Insulation Cost Comparisons

Has anybody done a cost comparison between the various types of building insulations? Assuming a building's construction makes it feasible to use any type, what's the proportional difference in cost? Lets say it cost "\$1" to insulate a house to a certain value using blown-in cellulose, how much would it cost to do a comparable job using polystyrene panels? Fiberglass?
Labor costs should be included in the comparison.
The comparison would have two sets of numbers for two situations: one for new construction, and one for existing structures.
I don't think the prices for the materials differ much for different parts of the US, so I don't think that's a factor. I'm not certain about this though.
This is just for theoretical discussion. I want to be able to contribute to a discussion, "Typically, polystyrene costs X times more than cellulose".
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* Nehmo Sergheyev *
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You'll need to add the energy savings to the cost. I know that the FHA has started to offer "energy" loans. If you build a house that'll save X dollars over a year in heating/cooling bills, they'll allow your mortgage an amount representing the increased savings.
Sure type X insulation might cost Y more, but you'll save Z per month in utility bills. What's the payback? What's your baseline? Each part of the country is going to have a different perspective based on local conditions.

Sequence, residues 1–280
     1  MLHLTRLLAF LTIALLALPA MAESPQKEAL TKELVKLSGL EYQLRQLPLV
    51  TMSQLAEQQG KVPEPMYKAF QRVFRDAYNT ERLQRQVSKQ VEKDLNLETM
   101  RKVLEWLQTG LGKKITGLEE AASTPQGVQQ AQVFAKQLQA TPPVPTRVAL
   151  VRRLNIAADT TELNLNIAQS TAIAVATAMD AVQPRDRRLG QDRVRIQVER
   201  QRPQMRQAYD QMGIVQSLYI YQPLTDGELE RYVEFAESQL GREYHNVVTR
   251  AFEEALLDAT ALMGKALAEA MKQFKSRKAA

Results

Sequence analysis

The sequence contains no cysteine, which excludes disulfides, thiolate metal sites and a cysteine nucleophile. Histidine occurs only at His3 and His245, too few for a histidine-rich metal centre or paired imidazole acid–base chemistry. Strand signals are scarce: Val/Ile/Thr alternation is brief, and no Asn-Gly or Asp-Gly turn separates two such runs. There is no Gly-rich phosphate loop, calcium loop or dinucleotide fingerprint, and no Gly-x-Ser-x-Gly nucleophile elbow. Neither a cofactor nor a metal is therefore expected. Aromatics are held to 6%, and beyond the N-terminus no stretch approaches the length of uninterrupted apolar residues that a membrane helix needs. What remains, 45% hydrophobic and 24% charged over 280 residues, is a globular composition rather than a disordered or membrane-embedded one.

P
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I have not done a comparison as you ask but point out that each has a defined use and some are better for a certain job. Foam board , the most expensive type of insulation comes in 5 -6- 6.5 and 7.2 R per inch and the 7.2 R inch foamboard can have foil face for a radiant barrier. Sprayed foam I hear is R 7 . Making foam double the R value of other types. Cellulose is paper, releases dust which can enter a house. And if it gets wet its ruined. Cellulose also settles and looses more R value over the years than fiberglass batts. Your 10 yr R value loss with cellulose may be 30 % . Its the cheapest and for good reason. Fiberglass is good all around.
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Fourth Quarter "2003 HomeTech Remodeling and Renovation Cost Estimator " for Ontario has four pages on insulation material & installation costs: fibreglass blanket; perimeter fibre or styrofoam [doesn't specify if extruded or high-density beaded expanded], baffles, blown in fibreglass; cellulose, vapour barriers, radiant barriers.
They publish for all areas of the States as well, though it's not cheap.
Natural Resources Canada has a lot of information on this, with R-values, federal grants etc. Some of the booklets such as "Keeping the Heat In" have R values for each type, see http://oee.nrcan.gc.ca/publications/infosource/home/index.cfm
Here in Toronto "Greensaver" has done 14,000 blower door tests & heat load calculations using the "Energuide for Houses" Hotpoint software, reputed to be rather complicated.